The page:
Gamification and Higher Education

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In September I will be delivering a plenary address at the American College of Greece in Athens about active learning and gamification in higher education. I'm immersing myself in as much on this topic as possible and would love to hear others' thoughts on the issue.

I have been "gaming" since 2007, when I first started using the pedagogy Reacting to the Past. Just about anyone who knows me also knows that I am committed to the Reacting pedagogy. Reacting consists of highly immersive role-playing games, set in a historical period. Each student has his or her own role that comes with a  character sheet with victory objectives, strategy, and key ideas. Students must read primary texts from the time period (for instance Plato's Republic for Athens game set in 403 BCE and Rosseau's Social Contract for the French Revolution game) and use references from those works in speeches to persuade people to their side of the issues in order to WIN. And students really do want to win; their competitive natures come out. Because reading and writing can help you to win, students realize that doing "work" can lead to something worthwhile - and even fun.

This is what the gamification movement seems to promise, but it appears to be mostly tied to the realm of video games. Reacting seems to be on the fringe or the edge of this movement, because it's not a video game. Although Reacting games can be played online, and have been used that way successfully by some of my colleagues, the pedagogy essentially is a face-to-face active learning technique and is one of my favorite options when I incorporate the flipped classroom paradigm.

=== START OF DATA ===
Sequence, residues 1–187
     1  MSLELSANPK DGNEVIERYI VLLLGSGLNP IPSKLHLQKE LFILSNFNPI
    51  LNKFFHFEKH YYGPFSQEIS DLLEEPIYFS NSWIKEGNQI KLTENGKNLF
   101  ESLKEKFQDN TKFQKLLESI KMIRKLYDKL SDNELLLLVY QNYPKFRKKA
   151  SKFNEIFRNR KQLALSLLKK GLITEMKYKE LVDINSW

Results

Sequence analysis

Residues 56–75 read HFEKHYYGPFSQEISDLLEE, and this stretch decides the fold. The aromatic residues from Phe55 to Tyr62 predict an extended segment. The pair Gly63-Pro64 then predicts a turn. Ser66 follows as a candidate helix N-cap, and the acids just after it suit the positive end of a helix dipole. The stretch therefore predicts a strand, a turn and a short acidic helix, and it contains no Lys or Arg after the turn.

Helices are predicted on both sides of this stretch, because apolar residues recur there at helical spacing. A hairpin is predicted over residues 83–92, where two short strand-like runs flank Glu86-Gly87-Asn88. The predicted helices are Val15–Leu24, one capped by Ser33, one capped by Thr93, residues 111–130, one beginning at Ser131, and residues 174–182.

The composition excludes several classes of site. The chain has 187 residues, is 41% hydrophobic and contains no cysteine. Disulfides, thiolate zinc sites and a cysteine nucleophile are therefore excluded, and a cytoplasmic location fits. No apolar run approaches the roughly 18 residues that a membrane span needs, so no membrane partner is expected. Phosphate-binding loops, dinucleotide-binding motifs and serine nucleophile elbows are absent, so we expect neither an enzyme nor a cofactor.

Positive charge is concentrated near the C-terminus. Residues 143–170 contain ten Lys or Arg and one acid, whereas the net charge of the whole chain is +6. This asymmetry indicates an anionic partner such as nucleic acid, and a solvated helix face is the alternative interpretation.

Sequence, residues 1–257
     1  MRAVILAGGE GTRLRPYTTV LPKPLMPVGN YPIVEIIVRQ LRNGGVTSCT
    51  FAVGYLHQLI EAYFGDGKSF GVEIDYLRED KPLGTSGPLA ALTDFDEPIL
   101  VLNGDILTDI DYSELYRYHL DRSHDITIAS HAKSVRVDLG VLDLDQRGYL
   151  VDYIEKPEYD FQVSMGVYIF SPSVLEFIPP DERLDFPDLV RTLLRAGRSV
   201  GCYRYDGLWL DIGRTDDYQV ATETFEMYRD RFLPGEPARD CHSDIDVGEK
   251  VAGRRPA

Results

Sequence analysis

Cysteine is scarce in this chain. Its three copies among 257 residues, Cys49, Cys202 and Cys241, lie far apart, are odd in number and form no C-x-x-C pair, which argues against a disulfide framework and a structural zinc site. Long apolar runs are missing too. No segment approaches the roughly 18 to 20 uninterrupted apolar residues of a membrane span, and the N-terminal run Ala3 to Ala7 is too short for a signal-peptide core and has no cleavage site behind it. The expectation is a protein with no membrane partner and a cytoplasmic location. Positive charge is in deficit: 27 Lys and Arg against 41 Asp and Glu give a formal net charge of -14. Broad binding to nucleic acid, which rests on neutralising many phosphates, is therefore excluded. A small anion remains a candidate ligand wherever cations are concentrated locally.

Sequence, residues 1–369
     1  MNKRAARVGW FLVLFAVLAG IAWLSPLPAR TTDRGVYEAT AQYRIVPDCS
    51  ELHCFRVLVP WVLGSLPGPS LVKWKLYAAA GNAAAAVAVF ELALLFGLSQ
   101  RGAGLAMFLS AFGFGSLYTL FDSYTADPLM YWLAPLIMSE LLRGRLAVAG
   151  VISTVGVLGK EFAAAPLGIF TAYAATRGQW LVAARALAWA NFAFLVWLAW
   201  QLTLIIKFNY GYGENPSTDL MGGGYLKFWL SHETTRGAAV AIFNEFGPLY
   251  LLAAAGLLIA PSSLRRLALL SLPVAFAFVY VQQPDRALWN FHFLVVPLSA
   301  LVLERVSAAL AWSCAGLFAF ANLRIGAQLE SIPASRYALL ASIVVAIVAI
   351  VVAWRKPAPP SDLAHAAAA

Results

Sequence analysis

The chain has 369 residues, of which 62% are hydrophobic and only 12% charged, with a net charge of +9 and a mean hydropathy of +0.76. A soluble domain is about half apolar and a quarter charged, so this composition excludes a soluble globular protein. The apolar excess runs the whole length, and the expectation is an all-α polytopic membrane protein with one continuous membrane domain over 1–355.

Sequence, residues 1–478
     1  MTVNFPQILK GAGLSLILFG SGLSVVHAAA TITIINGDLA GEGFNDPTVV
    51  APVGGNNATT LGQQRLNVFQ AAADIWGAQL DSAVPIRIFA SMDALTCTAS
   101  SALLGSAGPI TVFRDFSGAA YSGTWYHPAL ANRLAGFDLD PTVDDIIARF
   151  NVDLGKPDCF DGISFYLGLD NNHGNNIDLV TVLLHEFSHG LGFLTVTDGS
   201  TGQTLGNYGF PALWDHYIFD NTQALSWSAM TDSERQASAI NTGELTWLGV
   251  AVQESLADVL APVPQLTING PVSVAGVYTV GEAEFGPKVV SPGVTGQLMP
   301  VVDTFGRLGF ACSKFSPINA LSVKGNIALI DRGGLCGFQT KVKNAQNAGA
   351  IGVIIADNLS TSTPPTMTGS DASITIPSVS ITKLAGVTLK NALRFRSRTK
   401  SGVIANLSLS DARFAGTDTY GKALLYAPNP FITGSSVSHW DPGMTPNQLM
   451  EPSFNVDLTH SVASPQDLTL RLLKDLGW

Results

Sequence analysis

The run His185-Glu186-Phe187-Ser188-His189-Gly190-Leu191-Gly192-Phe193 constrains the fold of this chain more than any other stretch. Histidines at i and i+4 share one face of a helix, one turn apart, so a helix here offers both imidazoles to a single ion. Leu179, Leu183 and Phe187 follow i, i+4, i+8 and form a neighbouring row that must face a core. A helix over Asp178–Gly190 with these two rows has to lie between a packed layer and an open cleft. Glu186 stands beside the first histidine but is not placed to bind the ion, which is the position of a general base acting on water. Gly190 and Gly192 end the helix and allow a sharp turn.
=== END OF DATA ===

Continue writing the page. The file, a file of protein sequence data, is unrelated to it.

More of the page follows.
I need to learn more about gamification in other arenas beyond Reacting. From what I have learned so far, it seems to me that students will see right through the idea of "levels" and "badges." I am concerned that adding those particular elements as part of a course won't really make it any more "fun." I was watching a video of Gabe Zichermann talking about gamification (October 26, 2010), and the speaker had this image up:

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He was suggesting that the bottom words are not associated very much with fun - but the words above in color are associated more often with fun. It seems that the move towards gamification in higher education is an effort to make school more fun.

This gets to the heart of what I think about day in and day out: I teach because I want my students to learn. But I also want my classes to be engaging places where students are active. I wish I had more evidence to back this up (does anyone out there have such studies?), but I do think that students who are engaged in classes also learn more. I think the flipped classroom has allowed my students to be more engaged, and yes, have more fun. I know that I have a lot of fun right alongside them when they are involved in the class. And I am learning from them, too.

I know I need to do more research, reading and study to better understand this arena of gamification in higher education. I am hoping that some wise sages out there can point me in some directions about what to read, and tell me whether or not the levels and badges really lead to deeper learning. Maybe I am just cynical, but if I were to call "learning about the Sutton Hoo Ship Burial" a "Quest" I would get some eye-rolls. And this article in the Chronicle of Higher Education by (October 29, 2015) seems to suggest that we should not give in to where students are. But I wonder, is the alternative to leave them behind if they don't ever learn like they are "supposed" to?